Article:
The term adaptive management was coined by Holling [69] and describes the development of useful land management strategies in an iterative process of interaction between scientists, practitioners, and stake holders. A challenge of the approach is finding a common terminology among these groups and agreeing on a transparent procedure of decision making. As long as scientists express widely controversial thoughts on climate change effects on forest and potential adaptation measures, forest practitioners are rather reluctant to adapt forest management. Existing scientific knowledge needs to be summarized and communicated to forest practitioners in order to maintain a continuous exchange of experiences derived from successful case studies.

Adaptive forest management (AFM) can have different objectives such as ensuring biodiversity, provision of drinking water, protection against natural hazards, or increasing timber production. Here, we focus on the effects of AFM measures on the dynamics of greenhouse gas emissions and carbon sinks. Forests are the major terrestrial carbon sink and currently absorb about 27 % of the annual fossil fuel emissions worldwide. Without these natural sinks, the rate of CO2 increase in the atmosphere would be substantially higher. But this forest sink depends on the current condition of forested land and is related to unique processes. These processes include afforestation of some 40 million ha in China and the recovery of European temperate and boreal forest following the transformation to forests of large tracts of Eastern European and Russian agricultural land following abandonment. It is unlikely that this kind of large-scale forest development of spare agricultural land could happen again. That will make it more difficult to maintain the current ecosystem sink into the future [1].

On the optimistic side is a scenario where, in a warmer world, trees will grow faster, utilize longer growing seasons, flourish in areas where they had never before grown, sequester more carbon, and thus increase the carbon sink. The more pessimistic view is that warmer temperatures will result in increasing tree mortality owing to disturbances such as forest fires, storms, insect depredation, and droughts stress as well as more peatland decomposition, thawing permafrost, and the transformation of terrestrial ecosystems into carbon sources [2]. In the long-term, productive forest ecosystems may be replaced by less productive ones [3]. The productivity enhancement due to longer growing seasons and the adverse effect of droughts during the growing season have been described for many regions [47]. Only a part of the sink strength of forest ecosystems is linked to insightful forms of adaptive management. In Europe, the difference between wood removed in annual tree harvests and wood increment have led to a strong carbon sink for several decades even without specific AFM concepts. Forest soils were also a net sink [8], although gains were offset by losses from agricultural soils and peatland [9, 10].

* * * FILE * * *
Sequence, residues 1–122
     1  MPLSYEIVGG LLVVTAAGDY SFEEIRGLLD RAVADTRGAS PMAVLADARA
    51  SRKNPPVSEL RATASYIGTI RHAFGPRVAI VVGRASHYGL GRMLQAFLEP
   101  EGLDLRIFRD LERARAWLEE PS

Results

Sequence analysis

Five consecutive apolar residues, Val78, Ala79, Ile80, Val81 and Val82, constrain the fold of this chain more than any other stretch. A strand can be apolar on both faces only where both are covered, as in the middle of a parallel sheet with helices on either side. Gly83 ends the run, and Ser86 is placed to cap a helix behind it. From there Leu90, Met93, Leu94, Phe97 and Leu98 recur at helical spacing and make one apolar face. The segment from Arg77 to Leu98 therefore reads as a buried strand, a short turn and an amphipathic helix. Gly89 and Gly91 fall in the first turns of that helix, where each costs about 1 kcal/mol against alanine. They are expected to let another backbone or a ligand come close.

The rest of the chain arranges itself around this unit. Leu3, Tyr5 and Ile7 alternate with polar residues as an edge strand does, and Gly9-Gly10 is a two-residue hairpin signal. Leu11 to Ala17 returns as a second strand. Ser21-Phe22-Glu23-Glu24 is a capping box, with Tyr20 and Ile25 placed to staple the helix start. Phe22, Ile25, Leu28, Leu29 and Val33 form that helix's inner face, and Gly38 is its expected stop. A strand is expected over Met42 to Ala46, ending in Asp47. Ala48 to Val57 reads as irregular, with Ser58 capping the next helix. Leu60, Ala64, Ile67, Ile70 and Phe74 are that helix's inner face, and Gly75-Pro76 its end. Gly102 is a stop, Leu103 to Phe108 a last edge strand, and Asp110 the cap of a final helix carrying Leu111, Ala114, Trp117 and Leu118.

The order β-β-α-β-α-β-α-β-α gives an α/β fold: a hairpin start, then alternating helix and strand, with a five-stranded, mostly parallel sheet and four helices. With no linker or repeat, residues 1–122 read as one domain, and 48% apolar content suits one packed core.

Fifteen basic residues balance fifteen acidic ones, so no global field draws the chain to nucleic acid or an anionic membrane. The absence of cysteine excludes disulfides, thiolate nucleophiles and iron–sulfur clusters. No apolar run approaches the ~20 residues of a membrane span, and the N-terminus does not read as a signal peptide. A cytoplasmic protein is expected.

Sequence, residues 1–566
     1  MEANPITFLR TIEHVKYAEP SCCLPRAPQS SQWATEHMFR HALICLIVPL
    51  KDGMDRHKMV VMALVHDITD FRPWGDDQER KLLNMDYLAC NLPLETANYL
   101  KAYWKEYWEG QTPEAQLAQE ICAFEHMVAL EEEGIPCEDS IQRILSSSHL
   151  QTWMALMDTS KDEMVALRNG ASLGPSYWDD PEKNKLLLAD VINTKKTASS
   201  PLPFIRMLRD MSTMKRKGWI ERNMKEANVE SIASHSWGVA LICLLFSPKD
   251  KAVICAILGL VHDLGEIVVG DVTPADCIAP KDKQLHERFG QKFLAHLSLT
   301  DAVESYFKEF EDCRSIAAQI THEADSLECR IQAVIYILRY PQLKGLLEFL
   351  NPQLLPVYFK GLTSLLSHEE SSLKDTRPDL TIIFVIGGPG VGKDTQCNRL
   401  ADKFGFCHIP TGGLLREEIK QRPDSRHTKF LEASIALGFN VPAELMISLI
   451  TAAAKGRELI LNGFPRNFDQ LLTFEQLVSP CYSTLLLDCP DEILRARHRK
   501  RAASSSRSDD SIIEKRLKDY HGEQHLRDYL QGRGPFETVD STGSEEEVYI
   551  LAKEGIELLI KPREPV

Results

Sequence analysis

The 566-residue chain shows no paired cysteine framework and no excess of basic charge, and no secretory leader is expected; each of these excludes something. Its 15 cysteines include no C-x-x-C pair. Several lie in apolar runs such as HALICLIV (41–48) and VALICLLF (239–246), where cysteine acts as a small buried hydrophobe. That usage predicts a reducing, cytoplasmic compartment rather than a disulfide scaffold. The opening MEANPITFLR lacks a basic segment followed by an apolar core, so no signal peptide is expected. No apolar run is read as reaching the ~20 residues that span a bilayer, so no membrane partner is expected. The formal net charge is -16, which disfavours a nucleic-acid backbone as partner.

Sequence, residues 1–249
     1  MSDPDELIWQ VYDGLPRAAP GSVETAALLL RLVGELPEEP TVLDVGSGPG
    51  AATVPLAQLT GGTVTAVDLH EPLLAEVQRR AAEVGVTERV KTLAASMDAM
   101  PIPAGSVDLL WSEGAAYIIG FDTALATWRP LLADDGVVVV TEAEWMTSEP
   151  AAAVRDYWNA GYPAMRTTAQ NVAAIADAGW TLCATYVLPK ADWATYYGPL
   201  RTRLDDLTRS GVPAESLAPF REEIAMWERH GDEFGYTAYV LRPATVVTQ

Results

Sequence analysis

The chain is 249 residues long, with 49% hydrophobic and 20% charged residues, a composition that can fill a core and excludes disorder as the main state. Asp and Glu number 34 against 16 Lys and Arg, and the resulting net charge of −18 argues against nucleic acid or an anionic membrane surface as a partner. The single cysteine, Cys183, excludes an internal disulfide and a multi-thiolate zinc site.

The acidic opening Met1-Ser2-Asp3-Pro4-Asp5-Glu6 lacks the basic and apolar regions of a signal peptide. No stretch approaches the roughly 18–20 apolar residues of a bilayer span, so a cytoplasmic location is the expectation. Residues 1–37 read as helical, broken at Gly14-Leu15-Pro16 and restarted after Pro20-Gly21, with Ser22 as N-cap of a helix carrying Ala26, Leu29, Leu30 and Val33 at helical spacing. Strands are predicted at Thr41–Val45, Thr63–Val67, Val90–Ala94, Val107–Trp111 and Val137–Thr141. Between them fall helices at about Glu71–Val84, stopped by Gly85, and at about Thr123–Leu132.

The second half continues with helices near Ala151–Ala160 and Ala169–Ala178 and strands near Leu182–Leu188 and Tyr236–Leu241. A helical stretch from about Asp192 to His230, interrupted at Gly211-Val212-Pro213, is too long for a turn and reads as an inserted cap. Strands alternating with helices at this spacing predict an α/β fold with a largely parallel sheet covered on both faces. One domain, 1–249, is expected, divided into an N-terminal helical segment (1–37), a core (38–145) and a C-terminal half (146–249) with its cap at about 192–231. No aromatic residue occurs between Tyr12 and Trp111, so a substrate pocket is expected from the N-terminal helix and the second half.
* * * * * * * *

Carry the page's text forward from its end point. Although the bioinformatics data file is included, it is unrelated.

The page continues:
Several national studies have investigated forest management scenarios in order to find an optimal solution for the balance between utilization of the forest resources for timber, fiber, and bioenergy, and the conservation of forests for the sake of accruing a large stock of carbon in biomass and soils [1114]. Generally, the studies highlight the substantial role of long-lived wood products substituting for energy-intensive materials such as steel or concrete for the mitigation of climate change effects. The role of forest conservation for the accumulation of carbon stocks is controversial. The undisputed large carbon stocks in old-growth forests need to be balanced against the higher risk of mature forests to stand replacing disturbances affecting tall and old forest stands and their decreasing carbon sequestration capacities [1519]. Therefore, old-growth forest with high carbon stocks can develop only in some parts of the landscape, less exposed to and less affected by severe disturbances [20, 21]. Moreover, the mere evaluation of the standing stock of carbon is a limited perspective. Job opportunities generated by forestry are a vital part of the rural economy, and some ecosystem services are optimized by forest management. With a growing population worldwide, the demand for wood is expected to increase up to 50 % until 2030 [68], making on overall increase of untouched old-growth forests rather unlikely. Furthermore, the consideration of wood products for material and energy substitution as well as product storage obviously overrules the climate change mitigation potential of unmanaged forests [2225].

There are substantial regional differences in the current role of forests with respect to climate change mitigation. This text summarizes experiences mostly from Central Europe where climate change is presently seen both as an opportunity and a challenge for forestry [26]. Although many forest stands have been established as plantations, the characteristics of native forests are obtained during the 100-year rotation period. The well-documented active forest management comprising species selection, thinning operations is a suitable basis for the evaluation of AFM measures to cope with unfavorable consequences of climate change. We review the options of forest owners intending to pursue the profitable provision of timber production within the legal framework ensuring the provision of societal functions of forest ecosystems. The present form of continuous cover forestry in Central Europe is already deemed adequate for the long-term sequestration of CO2 in the biomass and in soils [24, 27, 28]. In other regions, novel forms of forest management without historical precedence may need to be implemented but this adds uncertainty to forest management.